Since the iOS 16.4 beta (see what’s new), Apple has changed the way the iPhone installs beta versions.
He was that far possible to get private beta tester profiles. Now all you need is a developer account registered on the phone to access the program without having to install a configuration profile.
even more restrictive, The menu appears only when the device is registered to the registered developer’s account. Profiles will no longer work for future versions either.
Install the iOS 17 beta for free?
You understand, Installing the iOS 17 (and +) beta will therefore be impossible, except to wait for the public beta. Keep in mind that the annual subscription for registered developers is $99 per year, a certain amount that will put more than one off.
Apple recently shut down developer profile sharing websites, like BetaProfiles.com, by threatening them with legal action. Legally, these sites were practically in the gray area, and Apple would have had no trouble stopping them in front of a judge.
It remains to be seen whether it will be possible to install the betas via an image file (IPSW)., which was previously possible without a registered account. But Apple had previously restricted installs this way, and it would have no trouble restricting them again.
Why these new restrictions?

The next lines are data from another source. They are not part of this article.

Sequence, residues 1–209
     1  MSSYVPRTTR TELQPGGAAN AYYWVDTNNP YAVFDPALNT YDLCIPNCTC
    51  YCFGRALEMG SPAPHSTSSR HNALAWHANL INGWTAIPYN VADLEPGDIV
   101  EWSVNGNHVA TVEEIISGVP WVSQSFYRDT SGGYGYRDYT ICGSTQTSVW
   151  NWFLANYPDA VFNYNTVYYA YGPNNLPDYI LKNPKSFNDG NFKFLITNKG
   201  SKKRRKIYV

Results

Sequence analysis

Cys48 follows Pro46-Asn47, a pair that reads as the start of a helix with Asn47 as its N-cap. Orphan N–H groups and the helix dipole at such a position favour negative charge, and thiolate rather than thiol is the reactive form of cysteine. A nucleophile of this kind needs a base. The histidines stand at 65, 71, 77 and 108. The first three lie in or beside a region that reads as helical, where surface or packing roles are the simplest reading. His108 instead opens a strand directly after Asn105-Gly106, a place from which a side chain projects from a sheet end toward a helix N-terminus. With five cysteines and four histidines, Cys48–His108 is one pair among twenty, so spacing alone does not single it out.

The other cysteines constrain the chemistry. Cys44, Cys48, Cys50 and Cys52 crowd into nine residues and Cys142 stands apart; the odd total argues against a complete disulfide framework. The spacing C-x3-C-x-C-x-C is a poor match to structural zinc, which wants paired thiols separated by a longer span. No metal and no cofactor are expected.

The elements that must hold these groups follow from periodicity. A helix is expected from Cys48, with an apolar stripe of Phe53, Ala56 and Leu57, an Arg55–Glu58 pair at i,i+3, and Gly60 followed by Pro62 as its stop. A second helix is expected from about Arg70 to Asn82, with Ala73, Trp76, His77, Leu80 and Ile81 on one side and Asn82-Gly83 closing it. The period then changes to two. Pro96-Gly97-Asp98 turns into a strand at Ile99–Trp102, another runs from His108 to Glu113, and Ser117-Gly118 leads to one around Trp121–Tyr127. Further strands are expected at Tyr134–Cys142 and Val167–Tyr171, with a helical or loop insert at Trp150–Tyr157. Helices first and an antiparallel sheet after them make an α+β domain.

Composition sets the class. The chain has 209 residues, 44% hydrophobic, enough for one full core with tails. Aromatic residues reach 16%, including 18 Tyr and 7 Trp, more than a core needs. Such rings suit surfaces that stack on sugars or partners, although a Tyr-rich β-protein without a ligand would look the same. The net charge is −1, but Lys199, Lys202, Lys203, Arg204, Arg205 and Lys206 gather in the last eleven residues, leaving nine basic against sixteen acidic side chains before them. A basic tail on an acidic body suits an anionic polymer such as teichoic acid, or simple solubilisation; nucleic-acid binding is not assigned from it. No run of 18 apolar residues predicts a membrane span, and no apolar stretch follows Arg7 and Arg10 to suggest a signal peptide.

After years of restrictions, Apple had finally let go of some baggage around the betas (fewer threats to post articles/videos or screenshots) before opening its public beta program (in 2015), although there is still a delay between the two betas (private and public).
Recently, iOS betas have even been surprisingly stable. : the programs rarely crash, and the systems very rarely cause problems on the devices – which was not the case initially. So of course we sometimes lost features, autonomy and a few bugs popped up here and there, but it was largely tolerable.
Until then, we advise against installing the betas on your daily devices, afraid of losing your data or encountering problems when using it. From now on it is difficult to give such a speech, even if on the downside the risk is always there.
So why such restrictions? Surely, knowing Tim Cook’s habits, the idea is to maximize profits and compel the curious to subscribe to take advantage of new features. I’m not sure all teenagers go that far, especially since the pace of new products has been rather sluggish in recent years…
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